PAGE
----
With taking last Thursday off due to this topic, I thought it an appropriate subject to start back with. I wouldn’t consider myself much of an information bureau, unless I’m extremely passionate about it. One of those passions happens to be mental health because I am the one in four adults that suffers from a diagnosable mental health disorder, that being anxiety. Taking that into consideration, this may be a topic that creeps up every so often on #InAshleighsShoes.
I don’t write the above to look for sympathy nor do I speak freely about it for pity, it’s simply to educate the three in four people who are lucky enough to go through every day life without experiencing anxiety or depression & of course ensuring that the other one is very much unashamed of how their brain functions on a day to day basis.
Believe it or not, we all know our irrational thoughts usually make no sense what so ever and I often now can’t explain why I’m about to have a full blown panic attack (they’ve played a disappearing act for now thank god!), that’s what makes it so difficult so don’t make it any harder by reminding us that we are making no sense. It’s so vital that you tread a little easy with your words, telling us we’re overreacting certainly doesn’t help and the common phrases of ‘stay positive’, ‘keep the head up’ and ‘you’ll be fine, stay strong’ really are no good to us when mid meltdown. Surely if it was as easy as just ‘looking on the bright side’, we wouldn’t suffer at all?
I may speak for a lot of people here – my anxiety is not a stranger to my insecurities (whilst of course creating lots of delightful new ones every other day) and just happens to use them against me. This will explain the hatred of making plans in advance (I simply do not know how I’ll feel when I wake up that morning), unexpected phone calls (I could simply die at the over thought of an awkward silence), and bumping into someone I’m familiar with accidently (again, I have had no time to think about a topic of conversation & my brain could literally explode with panic).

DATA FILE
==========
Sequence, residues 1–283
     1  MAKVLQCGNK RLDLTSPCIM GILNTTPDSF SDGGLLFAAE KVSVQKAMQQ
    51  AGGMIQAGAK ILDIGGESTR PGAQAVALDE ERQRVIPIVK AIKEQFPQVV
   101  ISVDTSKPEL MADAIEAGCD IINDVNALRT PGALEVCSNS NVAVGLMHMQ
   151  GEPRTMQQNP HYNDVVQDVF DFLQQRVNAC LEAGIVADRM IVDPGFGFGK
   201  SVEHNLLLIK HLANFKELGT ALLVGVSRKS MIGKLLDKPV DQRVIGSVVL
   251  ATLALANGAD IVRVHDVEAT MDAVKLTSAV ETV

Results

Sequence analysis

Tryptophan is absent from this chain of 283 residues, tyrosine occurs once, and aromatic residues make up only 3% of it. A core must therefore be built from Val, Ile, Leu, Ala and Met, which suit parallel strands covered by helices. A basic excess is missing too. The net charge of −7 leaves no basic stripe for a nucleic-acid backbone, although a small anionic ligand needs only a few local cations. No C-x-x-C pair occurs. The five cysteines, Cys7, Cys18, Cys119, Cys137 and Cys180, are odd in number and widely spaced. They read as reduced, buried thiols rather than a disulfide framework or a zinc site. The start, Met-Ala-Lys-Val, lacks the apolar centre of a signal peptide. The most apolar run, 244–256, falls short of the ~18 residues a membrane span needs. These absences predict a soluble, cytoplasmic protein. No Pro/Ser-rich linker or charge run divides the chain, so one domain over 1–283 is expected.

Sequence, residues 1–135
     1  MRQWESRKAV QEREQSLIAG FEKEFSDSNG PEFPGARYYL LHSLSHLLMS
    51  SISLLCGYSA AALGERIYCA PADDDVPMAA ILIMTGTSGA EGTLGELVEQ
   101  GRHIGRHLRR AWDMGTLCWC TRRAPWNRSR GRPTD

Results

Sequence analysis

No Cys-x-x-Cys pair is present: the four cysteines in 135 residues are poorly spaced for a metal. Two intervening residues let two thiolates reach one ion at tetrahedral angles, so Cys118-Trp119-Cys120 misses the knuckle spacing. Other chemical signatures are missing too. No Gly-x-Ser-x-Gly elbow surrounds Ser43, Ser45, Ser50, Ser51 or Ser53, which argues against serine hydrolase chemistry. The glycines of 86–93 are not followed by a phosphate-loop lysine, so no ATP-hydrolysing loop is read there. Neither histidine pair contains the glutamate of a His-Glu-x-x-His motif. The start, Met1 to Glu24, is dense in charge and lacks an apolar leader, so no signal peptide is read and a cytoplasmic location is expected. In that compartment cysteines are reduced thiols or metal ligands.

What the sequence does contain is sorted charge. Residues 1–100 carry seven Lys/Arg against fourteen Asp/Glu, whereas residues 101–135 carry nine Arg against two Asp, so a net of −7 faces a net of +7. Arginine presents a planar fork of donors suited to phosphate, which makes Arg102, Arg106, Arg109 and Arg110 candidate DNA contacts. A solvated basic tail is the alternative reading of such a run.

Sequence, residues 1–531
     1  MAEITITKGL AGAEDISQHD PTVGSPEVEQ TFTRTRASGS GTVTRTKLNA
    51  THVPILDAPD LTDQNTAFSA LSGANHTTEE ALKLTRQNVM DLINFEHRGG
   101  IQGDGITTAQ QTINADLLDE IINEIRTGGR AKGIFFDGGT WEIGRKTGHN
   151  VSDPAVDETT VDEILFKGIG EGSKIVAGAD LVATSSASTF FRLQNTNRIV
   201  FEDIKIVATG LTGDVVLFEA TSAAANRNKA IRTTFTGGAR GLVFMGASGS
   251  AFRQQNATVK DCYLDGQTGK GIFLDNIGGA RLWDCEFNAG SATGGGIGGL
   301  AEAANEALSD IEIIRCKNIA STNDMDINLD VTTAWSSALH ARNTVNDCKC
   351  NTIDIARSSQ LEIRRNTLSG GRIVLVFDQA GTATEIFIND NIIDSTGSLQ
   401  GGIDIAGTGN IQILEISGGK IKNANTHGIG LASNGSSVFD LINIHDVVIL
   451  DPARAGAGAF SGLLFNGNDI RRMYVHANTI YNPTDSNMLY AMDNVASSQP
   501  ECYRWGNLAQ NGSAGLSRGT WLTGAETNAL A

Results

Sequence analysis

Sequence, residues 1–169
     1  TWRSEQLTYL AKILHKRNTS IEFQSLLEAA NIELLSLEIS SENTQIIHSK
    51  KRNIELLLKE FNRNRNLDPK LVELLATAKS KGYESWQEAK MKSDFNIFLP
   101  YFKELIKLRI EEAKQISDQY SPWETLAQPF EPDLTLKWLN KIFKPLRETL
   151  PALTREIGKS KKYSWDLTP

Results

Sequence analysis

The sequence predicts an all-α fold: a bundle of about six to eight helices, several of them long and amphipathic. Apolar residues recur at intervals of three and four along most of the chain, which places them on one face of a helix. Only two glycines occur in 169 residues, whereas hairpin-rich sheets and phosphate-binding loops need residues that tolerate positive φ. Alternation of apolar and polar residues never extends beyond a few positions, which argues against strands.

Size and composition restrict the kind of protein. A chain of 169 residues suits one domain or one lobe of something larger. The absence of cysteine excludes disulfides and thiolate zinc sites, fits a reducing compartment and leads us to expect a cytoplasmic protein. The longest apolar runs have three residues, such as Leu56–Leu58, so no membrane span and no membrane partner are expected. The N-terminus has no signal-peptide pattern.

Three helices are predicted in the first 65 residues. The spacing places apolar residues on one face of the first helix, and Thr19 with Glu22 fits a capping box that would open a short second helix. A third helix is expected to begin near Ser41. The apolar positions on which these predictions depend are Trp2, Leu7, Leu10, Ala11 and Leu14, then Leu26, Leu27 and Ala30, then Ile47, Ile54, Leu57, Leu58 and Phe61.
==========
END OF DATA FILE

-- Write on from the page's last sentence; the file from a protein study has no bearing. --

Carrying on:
I’ve noticed I have always been extremely hard on myself. It’s always been, I’m not progressing fast enough, I’m not working hard enough or I’m simply not good enough. My own mind is often my enemy and I’ve noticed the importance of ensuring that you surround yourself with people who are on your side and even sometimes fight alongside you.
One last thing, never force someone with a mental health disorder to speak, do not put us under pressure & don’t show any frustration, just let us know you’re interested and there to help when we’re ready. It’s essential you know how important this is to us & of course how important you are in our lives.
I was lucky enough for a TV show to introduce one of the greatest people into my life & he’s very much my go to person when times are rough, good ol’ Chris Wright. To my main guy, thanks for everything!
‘til next week & take care,